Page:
If you’re easily offended, or feel that Freemasonry is perfect as it is, then this post will only act to upset you. Click here to remain oblivious to reality.
In my earlier post Life Cycles of Lodges I began the process of addressing the many issues faced by modern Freemasonry. This post is a continuation of those ideas, but it focuses on the serious problem of membership retention. While many openly admit that there’s a membership problem, they assume it’s due to a lack of interest in Freemasonry. However, the statistics reveal that the real problem isn’t obtaining new members, but retaining them. The fraternity loses roughly 90% of all new members within 24 months. Why?
Animal Farm Masonry
People join the Masonic fraternity for a wide variety of reasons, but in the end they expect it to be a brotherhood based on moral principles and equality. What they soon discover is something more akin to George Orwell’s Animal Farm. They are told that all Masons are equal, and that they meet on the Level and part on the Square, but they soon observe that all Masons are equal, only some are more equal than others. The plethora of honorary degrees, titles, and invitational organizations has resulted in an elite class of Masons who feel entitled to more privilege than that of the lowly Master Mason. Due to this, Freemasonry has devolved from the ideal of a brotherhood of all mankind into a quest for honors, titles and privilege. Ironically, every candidate is informed that Freemasonry is not a place to seek after frivolous honors, titles, and privileges.
While this system may have served the fraternity well during the 19th century, it is a boat anchor in the age of social networking. It makes the high ideals of Freemasonry appear to be nothing more than a convenient lie. This in turn brings into question the moral credibility of the entire institution.
Millennials and Generation X members walk away in disgust and tell their friends about Animal Farm Freemasonry, but not the true spirit of Freemasonry, because they never had the opportunity to experienced it.
Every lodge has one or more bullies who feel it is their right to not only criticize new members, but control every facet of how a lodge operates. They all use familiar arguments such as “We’ve always done it this way.” When confronted with changes their threat of last resort is “I’m calling the Grand Lodge!” These men are not real Masons. They don’t even understand the meaning of brotherhood. The only solution to this problem is to expel the bullies, thereby restoring a sense of brotherhood in the lodges.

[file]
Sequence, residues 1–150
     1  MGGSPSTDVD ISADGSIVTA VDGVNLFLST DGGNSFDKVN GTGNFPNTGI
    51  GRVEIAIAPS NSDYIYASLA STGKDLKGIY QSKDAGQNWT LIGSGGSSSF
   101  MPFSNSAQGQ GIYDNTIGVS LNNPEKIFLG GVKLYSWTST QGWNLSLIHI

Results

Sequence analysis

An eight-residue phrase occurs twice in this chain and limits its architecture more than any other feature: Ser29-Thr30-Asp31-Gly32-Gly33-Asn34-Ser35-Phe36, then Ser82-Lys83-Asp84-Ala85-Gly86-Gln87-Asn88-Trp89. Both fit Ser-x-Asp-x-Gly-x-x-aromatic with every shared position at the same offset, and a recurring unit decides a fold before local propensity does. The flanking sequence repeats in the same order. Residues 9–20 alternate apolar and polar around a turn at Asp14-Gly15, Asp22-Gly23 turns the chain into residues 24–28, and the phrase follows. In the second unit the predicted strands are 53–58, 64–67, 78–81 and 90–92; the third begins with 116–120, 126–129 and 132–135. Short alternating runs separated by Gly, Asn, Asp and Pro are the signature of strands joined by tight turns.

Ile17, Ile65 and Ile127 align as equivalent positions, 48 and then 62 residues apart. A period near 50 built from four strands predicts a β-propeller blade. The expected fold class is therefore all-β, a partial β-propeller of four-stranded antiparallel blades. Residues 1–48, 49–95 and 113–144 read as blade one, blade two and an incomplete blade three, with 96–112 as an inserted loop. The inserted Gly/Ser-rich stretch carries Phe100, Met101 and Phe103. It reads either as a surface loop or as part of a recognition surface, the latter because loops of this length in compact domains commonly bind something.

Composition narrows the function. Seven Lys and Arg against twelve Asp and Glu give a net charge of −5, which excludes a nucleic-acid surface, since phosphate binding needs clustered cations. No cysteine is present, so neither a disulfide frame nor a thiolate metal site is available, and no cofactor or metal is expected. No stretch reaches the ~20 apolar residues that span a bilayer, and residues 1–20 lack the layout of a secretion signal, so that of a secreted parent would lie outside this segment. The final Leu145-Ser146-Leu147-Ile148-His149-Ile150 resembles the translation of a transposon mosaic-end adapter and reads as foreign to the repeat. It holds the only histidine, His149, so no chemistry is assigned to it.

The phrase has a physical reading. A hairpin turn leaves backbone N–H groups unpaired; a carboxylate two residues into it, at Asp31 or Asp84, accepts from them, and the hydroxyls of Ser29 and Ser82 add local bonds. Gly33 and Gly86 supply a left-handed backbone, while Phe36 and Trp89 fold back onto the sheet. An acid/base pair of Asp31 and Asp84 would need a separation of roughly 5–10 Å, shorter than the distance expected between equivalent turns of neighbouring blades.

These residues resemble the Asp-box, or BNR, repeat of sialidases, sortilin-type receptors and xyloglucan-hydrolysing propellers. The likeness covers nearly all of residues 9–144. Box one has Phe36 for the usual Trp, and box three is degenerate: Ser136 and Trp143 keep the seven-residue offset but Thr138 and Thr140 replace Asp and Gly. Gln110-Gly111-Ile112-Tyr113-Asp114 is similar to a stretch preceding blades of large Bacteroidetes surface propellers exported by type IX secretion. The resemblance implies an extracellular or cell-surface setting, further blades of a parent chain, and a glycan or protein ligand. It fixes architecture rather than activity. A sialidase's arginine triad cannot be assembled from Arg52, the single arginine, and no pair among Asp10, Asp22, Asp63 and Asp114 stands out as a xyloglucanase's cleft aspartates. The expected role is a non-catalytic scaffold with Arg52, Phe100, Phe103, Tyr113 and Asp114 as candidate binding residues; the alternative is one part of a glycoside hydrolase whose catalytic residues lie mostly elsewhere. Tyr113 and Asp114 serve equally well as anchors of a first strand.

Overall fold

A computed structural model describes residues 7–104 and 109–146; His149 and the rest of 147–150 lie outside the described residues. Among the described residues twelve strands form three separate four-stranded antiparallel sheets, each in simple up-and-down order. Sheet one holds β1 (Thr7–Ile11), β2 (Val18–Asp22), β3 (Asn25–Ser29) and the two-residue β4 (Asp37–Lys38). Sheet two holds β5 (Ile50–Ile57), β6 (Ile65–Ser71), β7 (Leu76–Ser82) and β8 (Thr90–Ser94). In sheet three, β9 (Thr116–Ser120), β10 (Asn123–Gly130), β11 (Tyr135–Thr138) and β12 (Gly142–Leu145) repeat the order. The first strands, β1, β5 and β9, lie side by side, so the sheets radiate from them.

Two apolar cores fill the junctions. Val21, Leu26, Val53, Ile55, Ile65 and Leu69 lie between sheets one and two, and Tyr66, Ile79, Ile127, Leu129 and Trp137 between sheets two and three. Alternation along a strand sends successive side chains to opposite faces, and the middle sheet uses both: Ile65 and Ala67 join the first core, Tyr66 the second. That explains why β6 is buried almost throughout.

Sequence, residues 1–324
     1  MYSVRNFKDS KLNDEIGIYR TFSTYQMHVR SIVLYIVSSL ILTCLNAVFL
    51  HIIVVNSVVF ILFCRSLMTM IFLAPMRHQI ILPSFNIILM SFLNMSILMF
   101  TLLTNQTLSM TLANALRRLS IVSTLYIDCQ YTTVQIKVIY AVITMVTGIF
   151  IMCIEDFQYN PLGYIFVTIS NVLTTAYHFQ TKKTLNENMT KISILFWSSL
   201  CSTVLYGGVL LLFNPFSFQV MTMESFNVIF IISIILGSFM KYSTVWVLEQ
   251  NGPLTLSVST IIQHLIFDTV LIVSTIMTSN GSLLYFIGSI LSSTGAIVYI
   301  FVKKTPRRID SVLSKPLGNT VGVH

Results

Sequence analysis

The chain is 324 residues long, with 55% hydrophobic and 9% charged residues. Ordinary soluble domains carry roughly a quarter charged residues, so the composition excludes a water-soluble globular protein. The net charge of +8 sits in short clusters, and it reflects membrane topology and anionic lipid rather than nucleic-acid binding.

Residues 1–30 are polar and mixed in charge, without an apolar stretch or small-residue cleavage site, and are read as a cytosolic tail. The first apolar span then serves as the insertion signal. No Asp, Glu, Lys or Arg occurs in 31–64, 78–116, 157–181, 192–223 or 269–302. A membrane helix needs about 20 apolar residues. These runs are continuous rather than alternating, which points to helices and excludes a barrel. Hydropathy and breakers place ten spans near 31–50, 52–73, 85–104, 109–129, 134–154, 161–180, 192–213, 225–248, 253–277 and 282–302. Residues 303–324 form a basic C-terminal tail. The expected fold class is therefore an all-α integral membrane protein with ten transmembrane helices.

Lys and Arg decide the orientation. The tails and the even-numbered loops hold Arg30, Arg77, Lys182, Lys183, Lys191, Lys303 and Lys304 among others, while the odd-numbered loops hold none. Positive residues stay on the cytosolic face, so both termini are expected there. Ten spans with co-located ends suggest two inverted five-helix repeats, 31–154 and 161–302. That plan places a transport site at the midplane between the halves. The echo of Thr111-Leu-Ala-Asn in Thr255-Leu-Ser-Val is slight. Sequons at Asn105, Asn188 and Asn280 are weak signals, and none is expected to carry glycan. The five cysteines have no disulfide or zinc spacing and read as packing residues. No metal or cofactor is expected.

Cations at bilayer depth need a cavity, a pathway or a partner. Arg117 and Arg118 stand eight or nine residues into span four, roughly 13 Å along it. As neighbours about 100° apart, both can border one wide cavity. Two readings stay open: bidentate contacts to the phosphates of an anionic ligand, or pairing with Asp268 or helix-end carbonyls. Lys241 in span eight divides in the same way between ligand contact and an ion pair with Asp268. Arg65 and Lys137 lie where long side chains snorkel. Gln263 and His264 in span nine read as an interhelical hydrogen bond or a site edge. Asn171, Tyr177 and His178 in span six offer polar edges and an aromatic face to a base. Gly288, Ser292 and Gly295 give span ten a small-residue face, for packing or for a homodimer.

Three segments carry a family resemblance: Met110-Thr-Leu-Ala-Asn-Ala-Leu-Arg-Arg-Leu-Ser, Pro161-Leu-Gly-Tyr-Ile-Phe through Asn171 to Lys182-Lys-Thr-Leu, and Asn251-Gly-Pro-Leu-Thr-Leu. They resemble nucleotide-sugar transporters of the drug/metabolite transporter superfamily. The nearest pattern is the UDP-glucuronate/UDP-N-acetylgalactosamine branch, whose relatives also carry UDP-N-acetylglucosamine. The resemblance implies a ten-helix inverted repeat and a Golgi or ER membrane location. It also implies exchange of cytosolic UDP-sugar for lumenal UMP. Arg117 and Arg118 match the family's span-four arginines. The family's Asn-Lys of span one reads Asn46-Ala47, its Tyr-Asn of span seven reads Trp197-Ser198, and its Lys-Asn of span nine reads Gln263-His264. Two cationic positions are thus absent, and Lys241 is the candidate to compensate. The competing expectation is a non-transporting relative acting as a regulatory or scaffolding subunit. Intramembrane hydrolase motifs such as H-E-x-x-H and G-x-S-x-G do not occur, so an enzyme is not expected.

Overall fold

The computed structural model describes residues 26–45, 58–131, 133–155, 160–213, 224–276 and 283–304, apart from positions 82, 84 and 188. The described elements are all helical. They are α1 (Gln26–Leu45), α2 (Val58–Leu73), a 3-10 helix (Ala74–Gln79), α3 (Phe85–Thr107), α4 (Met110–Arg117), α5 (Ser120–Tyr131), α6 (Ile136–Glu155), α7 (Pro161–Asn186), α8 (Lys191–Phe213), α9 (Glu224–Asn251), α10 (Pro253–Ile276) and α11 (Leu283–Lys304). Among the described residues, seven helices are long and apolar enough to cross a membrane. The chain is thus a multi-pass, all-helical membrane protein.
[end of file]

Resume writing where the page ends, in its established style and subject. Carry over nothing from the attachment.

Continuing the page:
The bully problem is closely connected to the Animal Farm mentality that has been accepted as the norm in modern Freemasonry. The bullies are almost always a part of some elite or supposedly honorary Masonic body. There are, however, other cases where the bully takes great pride in being a simple “Master Mason”, and because he has not allowed himself to become “polluted” by the doctrine of elitism, he becomes the self-sacrificing man that demands honor and privilege for his sacrifice.
Bullies, in any form, destroy the spirit of brotherhood, and thereby Freemasonry.
Ugly lodge politics is closely related to both of the problems listed above. The result is always a loss of members.
New members are almost always rushed into the officer line of the lodge and presented with the idea that if they do all the memory work they will advance to the chair in the east. Unfortunately, this isn’t always they case. Sometimes they get voted out of the line because they have advocated for changes or upset a Past Master.
If someone has spent years memorizing the work and they are stopped from advancing they will feel cheated. What kind of brotherhood cheats its members out of things they have worked hard to achieve?
The rules forbid politics in lodge. Enforce the rules and expel those who bring ugly politics into your lodge.
Unwillingness to Change
The world has changed tremendously since 1717, and Freemasonry continued to evolved along with it up until approximately 1963. At this point in time “Change” became a dirty word to Freemasons. The result has been catastrophic.
Freemasonry needs to adapt to the society in which it exists, or face being ignored and persecuted for folly. While the high ideals of brotherhood and morality should never be sacrificed, archaic ideas and old conventions must be abandoned to make way for the new. Life itself is a constant flow of changes. Why do some Freemasons feel that Freemasonry is exempt from change?
Animal Farm Freemasonry, Masonic Bullies, and Unwillingness to Change are the three top reasons why modern Freemasonry has a membership retention problem. Solving these problems requires a great deal of soul searching on the part of the leadership of the fraternity, and a willingness to take meaningful action on the part of the membership. The future can be bright if Masons are willing to face the challenges ahead with an open mind and a firm resolve to do what’s required for success.
People want to be part of a true brotherhood that operates with moral conviction, and expresses a philosophy that leads to virtue and self-improvement. Freemasonry can be that brotherhood if enough Masons want it to be.